Russell Moore, of the Southern Baptist Convention (SBC), recently claimed that opposing Donald Trump places Christians “on the right side of Jesus.” This news has gone largely unnoticed outside of certain Christian circles, but the statement is a big deal. It is a rare moment in which a significant number of Progressives and Evangelicals may agree on something as important as an election.
However, it may ring differently depending how you receive it.
On one hand, the Evangelical Christian vote has been significant since 1976, when the Moral Majority (in a nascent form) backed Jimmy Carter, who famously declared that Jesus Christ was the most important person in his life. They ran from him–largely because of his position on the ERA–and Ronald Reagan won their favor in 1980 by giving them his endorsement instead of soliciting their’s, at least publicly. Since then, Evangelicals have voted solidly Republican, a fact that Karl Rove realized when he first spotted a wayward scion named George W. Bush. John McCain and Mitt Romney underwhelmed Evangelical voters, and for the first time in thirty years proved to not be the most important factor in national elections. Their force can still be felt on the state and local level, shockingly being most dangerous on school boards. But that is the stuff of another post.
On the other hand, the SBC is still the SBC. What their recent move does, though, is propel Progressive and Evangelical Christians together in a potentially uncertain alliance. We can all be disgusted and put off by Trump’s misogyny, racism, xenophobia, and classism, but the SBC still adamantly opposed GLBT rights, feels that Christians are being persecuted in this country, and promotes of vision of Christianity that is hegemonic and exclusive. Yes, we find ourselves together now on the right side of Jesus, but what are we going to do? I find it powerful and significant that this moment has arrived; I didn’t think that there was much hope of Evangelicals and Progressives finding common ground, but here it is, shaky though it may be. But we have to engage in some real talk.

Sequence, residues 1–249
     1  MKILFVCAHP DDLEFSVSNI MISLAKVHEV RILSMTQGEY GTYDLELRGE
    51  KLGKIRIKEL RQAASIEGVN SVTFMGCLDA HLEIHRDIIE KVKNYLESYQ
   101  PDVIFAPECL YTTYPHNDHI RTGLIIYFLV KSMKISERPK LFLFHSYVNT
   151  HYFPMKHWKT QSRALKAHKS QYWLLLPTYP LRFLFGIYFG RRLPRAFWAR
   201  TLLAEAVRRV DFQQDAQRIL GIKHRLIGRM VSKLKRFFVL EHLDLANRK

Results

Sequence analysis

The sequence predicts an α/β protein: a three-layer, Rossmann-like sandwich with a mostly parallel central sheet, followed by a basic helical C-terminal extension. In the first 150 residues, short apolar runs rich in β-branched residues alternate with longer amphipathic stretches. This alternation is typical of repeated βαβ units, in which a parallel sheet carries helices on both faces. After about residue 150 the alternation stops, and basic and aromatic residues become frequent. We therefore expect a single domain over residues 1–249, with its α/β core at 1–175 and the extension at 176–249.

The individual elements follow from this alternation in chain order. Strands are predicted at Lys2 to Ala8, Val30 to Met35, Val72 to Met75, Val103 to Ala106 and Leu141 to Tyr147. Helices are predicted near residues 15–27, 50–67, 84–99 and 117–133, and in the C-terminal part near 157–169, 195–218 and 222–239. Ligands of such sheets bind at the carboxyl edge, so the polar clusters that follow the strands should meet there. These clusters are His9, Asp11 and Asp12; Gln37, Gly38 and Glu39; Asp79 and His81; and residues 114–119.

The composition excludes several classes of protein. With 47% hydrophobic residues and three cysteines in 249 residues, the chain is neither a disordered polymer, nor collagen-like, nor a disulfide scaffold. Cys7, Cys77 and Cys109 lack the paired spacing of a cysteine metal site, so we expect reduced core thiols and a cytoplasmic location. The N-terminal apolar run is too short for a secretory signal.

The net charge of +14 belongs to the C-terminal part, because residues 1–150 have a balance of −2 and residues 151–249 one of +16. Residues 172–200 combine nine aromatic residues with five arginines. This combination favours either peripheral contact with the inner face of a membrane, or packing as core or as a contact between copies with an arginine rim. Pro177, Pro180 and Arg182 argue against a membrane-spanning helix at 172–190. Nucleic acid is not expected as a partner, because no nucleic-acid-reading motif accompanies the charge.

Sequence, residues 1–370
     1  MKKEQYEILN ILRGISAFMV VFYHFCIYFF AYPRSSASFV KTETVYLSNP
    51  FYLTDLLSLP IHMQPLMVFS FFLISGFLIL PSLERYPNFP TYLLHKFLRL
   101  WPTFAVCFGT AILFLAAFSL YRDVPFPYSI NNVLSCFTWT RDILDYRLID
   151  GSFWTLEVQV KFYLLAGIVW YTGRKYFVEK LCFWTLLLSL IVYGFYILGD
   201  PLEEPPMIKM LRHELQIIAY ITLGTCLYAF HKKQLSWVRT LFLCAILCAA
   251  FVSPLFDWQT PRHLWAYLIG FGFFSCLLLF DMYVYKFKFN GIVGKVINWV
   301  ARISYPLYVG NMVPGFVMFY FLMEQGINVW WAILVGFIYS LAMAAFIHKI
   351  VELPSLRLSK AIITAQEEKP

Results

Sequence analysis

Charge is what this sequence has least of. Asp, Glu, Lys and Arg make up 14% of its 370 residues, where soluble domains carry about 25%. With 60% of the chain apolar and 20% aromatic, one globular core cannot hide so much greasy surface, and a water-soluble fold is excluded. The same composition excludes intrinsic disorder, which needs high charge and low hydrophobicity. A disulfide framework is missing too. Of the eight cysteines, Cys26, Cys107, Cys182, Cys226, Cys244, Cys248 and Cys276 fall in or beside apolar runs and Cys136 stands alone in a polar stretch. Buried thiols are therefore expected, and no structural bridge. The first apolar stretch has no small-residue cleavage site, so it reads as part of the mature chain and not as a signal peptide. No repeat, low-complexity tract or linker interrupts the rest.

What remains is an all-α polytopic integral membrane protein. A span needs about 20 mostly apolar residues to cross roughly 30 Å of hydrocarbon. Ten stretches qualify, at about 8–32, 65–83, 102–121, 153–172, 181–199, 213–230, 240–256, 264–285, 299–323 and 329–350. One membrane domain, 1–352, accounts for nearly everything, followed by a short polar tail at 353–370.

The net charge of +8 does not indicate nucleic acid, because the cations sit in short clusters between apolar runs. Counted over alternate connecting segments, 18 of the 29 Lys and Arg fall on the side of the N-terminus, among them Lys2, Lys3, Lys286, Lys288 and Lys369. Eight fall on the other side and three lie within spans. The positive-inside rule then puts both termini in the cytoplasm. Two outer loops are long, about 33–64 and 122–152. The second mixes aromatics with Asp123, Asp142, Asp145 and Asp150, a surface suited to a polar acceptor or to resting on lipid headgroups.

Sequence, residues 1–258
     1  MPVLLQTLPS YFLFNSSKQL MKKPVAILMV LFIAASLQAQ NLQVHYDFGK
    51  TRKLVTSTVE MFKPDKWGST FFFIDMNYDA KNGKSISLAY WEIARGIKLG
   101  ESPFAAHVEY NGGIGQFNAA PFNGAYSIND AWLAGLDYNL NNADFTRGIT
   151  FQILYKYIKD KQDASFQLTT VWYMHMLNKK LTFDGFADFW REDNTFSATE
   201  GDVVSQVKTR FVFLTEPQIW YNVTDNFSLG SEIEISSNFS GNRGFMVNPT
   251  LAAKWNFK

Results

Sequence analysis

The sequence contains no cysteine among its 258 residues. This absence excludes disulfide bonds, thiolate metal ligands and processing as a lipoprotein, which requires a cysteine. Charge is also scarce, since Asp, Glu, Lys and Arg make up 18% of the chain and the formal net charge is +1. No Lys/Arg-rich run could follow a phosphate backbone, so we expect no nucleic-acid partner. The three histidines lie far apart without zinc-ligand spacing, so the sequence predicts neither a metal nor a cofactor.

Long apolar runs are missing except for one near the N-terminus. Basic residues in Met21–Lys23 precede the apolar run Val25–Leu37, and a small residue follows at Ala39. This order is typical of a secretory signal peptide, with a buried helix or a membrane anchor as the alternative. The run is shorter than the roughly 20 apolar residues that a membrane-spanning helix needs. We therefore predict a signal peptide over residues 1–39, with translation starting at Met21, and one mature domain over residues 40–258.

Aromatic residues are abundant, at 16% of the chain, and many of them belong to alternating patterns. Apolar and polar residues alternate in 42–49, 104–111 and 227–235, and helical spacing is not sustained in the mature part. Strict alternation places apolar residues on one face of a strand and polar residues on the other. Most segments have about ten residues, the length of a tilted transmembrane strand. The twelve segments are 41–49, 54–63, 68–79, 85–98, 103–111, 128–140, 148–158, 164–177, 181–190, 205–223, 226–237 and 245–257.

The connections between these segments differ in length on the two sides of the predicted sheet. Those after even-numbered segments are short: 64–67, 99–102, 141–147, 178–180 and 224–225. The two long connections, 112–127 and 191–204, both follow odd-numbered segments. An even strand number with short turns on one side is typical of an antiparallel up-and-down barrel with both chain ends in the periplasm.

What is at issue here are competing notions of community. Trump is tapping into the fears of certain Whites in this country, many of whom most likely identify as Evangelicals. He is promising that foreigners and those he deems “idiots and losers” will not have a voice or any power when he makes American great again. The racial dog whistle ain’t so silent this time around. But the SBC, which contains an interesting mix of Black and White Evangelicals, has clapped back and drawn a line. While it remains to be seen how this is received in the pews or if it is preached from the pulpit, the opportunity arises for us as Christians to have significant conversations about how we view community and what the proper relationship between faith and politics looks like. For many Christians, myself included, when we think about political action driven by faith we think of the Civil Rights movement. And while there are lessons to be learned from our history, if we are to be prophetic we must utilize these lessons to propel us forward, and to develop new methods that resonate and address current needs and situations. The Civil Rights movement and the Moral Majority have to come together to form a platform.
Riiiiiiight. But a man can dream.
We can certainly ask what took the SBC so long to make this statement; Trump is the presumptive nominee and there is little to no hope for the GOP to run anyone else. Do they want people to stay home on Election Day? To vote for the Democratic nominee? And what is the next move for Evangelicals that want their values to be represented in politicians? Can we have new conversations about what Jesus wants from us in terms of justice, compassion, mercy, and love? Sadly, I fear that this cycle will play itself out, and once again the Body of Christ will be rent from disagreements on issues that represent only a small part in the totality of life.
But like Dr. King told us, Christians are nothing without a dream.